The scholarly and widely published Kate Macdonald (twitter), a Professor of English Literature and currently a Visiting Fellow at the University of Reading, provides the fifth guest post in my SF Short Stories by Women Writers pre-1969 series (original announcement and list of earlier posts). I recommend browsing her eponymous blog—she recently interviewed the SF author Elizabeth Moon on her collaborations with Anne MacCaffrey and reviews literature and SF (including Iraq + 100. Stories from a Century After the Invasion (2013), ed. Hassan Blasim and the famous post-apocalyptical novel The Long Tomorrow (1955) by Leigh Brackett).
Her post focuses on two of the best known SF women authors from the pre-1969 era: C.L. Moore and Anne McCaffrey.
Cyborgs! Intergalactic Freight Spaceships!
(“No Woman Born” first appeared in Astounding Science Fiction, December 1944, cover: William Timmins)
Review of “No Woman Born” (1944) by C.L. Moore and “Lady in the Tower” (1959) by Anne McCaffrey
By Kate Macdonald
I teach sf to university students, and knew from the critical literature about gender in sf that sometime in the 1940s a writer called C. L. Moore published a landmark story about the first female cyborg. I tracked down a copy of ‘No Continue reading
The erudite and prolific Jesse provides the fourth guest post in my SF Short Stories by Women Writers pre-1969 series (original announcement and list of earlier posts). I recommend investigating the archives over at his blog Speculiction, which covers both vintage and new SF ranging from Aliya Whiteley’s The Beauty (2014) to John Brunner’s The Jagged Orbit (1969).
His post focuses on three stories from different authors including one of the best known from the pre-1969 era: the writing pair of C.L. Moore and Henry Kuttner, Katherine MacLean, and Edna Underwood. As no discussion of women in pre-1969 SF would be complete without C.L. Moore, and it is often impossible to discern which stories she wrote individually and which she wrote with her husband Henry Kuttner, I gave the go ahead for Jesse to review one of their best known co-written short stories.
I hope you’ll track them down!
(Katherine Maclean’s “The Snowball Effect” first appeared in the September 1952 issue of Galaxy, cover: Jack Coggins)
Review of “Vintage Season” (1945) by C.L. Moore and Henry Kuttner, “The Snowball Effect” (1952) by Katherine MacLean, and “The Painter of Dead Women” (1910) by Edna Underwood
Gender in science fiction is surely one of the top three subjects in online genre discussion these days. The objectification of women, the roles of women in story, the lack of award recognition for female writers, the negative Continue reading
(Richard Powers’ cover for the 1963 edition of A Handful of Time (1963), Rosel George Brown)
The time has come for a new Guest Post series on SF Short Stories by Women Writers pre-1969. My reasons are two-fold: 1) to showcase a deserving and fascinating topic in line with my goal to feature lesser known SF from a range of viewpoints and traditions 2) to feature posts from reviewers in the vintage SF blogsphere and beyond (in any combination of the following) that attempt to move past standard lists and grand narratives of canon, tackle fiction from evidence-based analytical and academic perspectives, or are simply darn good writers whose sites I cannot help but return to compulsively.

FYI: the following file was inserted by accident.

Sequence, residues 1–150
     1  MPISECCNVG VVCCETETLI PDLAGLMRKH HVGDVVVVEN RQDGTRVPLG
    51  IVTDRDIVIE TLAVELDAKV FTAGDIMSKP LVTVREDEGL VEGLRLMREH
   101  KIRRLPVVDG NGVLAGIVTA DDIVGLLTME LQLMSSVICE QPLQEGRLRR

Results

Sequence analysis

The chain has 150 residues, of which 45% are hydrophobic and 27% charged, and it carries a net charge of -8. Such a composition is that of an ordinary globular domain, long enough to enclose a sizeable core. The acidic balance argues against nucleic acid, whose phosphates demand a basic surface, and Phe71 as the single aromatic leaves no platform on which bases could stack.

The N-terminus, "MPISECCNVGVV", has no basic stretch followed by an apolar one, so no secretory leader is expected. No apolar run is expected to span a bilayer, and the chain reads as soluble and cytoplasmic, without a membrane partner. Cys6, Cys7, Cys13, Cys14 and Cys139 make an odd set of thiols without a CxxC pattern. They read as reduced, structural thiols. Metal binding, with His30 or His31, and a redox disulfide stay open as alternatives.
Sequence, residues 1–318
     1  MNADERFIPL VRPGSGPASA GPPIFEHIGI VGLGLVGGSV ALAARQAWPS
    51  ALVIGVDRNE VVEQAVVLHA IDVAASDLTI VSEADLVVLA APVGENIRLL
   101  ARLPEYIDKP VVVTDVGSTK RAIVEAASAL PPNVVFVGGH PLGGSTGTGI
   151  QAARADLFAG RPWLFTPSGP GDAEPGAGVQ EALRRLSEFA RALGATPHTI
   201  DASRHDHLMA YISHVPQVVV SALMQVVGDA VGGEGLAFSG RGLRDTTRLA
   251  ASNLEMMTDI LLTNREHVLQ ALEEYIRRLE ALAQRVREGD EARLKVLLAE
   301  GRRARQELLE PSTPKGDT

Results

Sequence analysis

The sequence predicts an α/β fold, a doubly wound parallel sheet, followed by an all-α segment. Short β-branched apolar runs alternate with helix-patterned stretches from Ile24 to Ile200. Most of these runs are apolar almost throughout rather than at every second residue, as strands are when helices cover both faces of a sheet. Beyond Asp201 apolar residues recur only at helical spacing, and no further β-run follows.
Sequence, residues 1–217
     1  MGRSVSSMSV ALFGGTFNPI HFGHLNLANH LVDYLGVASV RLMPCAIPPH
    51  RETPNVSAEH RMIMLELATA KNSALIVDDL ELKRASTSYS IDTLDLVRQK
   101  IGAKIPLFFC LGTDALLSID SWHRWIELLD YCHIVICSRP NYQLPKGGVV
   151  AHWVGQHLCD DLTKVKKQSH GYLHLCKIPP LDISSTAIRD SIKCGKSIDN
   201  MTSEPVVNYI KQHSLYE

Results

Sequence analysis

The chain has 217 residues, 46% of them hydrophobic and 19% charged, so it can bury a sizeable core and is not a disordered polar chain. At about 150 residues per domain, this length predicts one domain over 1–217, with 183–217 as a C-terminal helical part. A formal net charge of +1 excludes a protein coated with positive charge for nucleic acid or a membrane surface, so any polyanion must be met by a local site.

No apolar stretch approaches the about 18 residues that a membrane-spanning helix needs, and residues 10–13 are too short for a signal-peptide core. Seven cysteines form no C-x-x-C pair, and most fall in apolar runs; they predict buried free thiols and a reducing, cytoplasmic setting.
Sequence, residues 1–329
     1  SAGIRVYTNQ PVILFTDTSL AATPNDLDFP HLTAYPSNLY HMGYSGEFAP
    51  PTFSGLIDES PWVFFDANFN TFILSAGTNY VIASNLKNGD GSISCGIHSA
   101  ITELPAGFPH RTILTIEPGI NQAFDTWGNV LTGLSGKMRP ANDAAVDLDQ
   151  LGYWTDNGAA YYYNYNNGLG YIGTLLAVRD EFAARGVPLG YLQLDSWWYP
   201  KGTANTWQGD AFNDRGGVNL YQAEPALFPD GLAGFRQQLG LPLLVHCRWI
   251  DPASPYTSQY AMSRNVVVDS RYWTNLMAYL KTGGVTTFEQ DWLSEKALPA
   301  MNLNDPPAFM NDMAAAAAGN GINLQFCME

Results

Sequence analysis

Why pre-1969? Although most endpoints are arbitrary in nature, 1969 saw the publication of Ursula Le Guin’s magisterial The Left Hand of Darkness. Considered a watershed moment in the history of women writers as it was the first to win a Hugo Award for best novel, Le Guin among many others were part of a rich (albeit oft suppressed and ignored) genealogy of women SF authors reaching back to Mary Shelly. My focus on short stories will allow exploration of many authors who did not write novels, whose novels overshadow their short fiction, and those whose rich body of early work focused predominately on the short form.
Thus I have rounded up my normal suspects along with new voices. The first guest post series covered the work of Michael Bishop and the second Kate Wilhelm.
Topics in the queue: Robot therapists, French and Soviet SF, a range of speculative fictions from the 19th Continue reading
Everyone likes lists! And I do too…. This is an opportunity to collate some of my favorite (and least favorite) novels and shorter SF works I read this year. Last year I discovered Barry N. Malzberg and this year I was seduced by…. Well, read and find out.
Top Ten Novels
1. We Who Are About To…, Joanna Russ (1976): A scathing, and underread, literary SF novel by one of the more important feminist SF writers of the 70s (of The Female Man fame).
2. A Funeral for the Eyes of Fire, Michael Bishop (1975): A well-written anthropological clash of cultures novel. Slow, gorgeous, emotionally engaging….
3. Level 7, Mordecai Roshwald (1959): A strange satire of the bomb shelter… Everyday surrealism. Continue reading
(Richard Powers’ cover for the 1958 edition)
C. L. Moore’s Doomsday Morning (1957) — she’s best known for her revolutionary 1930s works including “Shambleau” (1934) and the “Jirel of Joiry” sequence — is perhaps her most ruminative and traditional SF novel (she tended to write more fantastical SF and fantasy). Unfortunately, she quit writing around the time of the death of her husband and frequent collaborator Henry Kuttner (they often published under the pseudonym Lewis Padgett). And her second husband forbid her to write altogether…
Moore creates a finely wrought dystopic vision where an oppressive future government utilizes communication networks to spread its tentacles across the United States. Against this backdrop intriguing characters come to life. Her descriptions of the political backdrop remain minimalistic which is surprising for SF of the 50s which often resorts to lengthy descriptive lectures. Instead, the true extent of the government’s Continue reading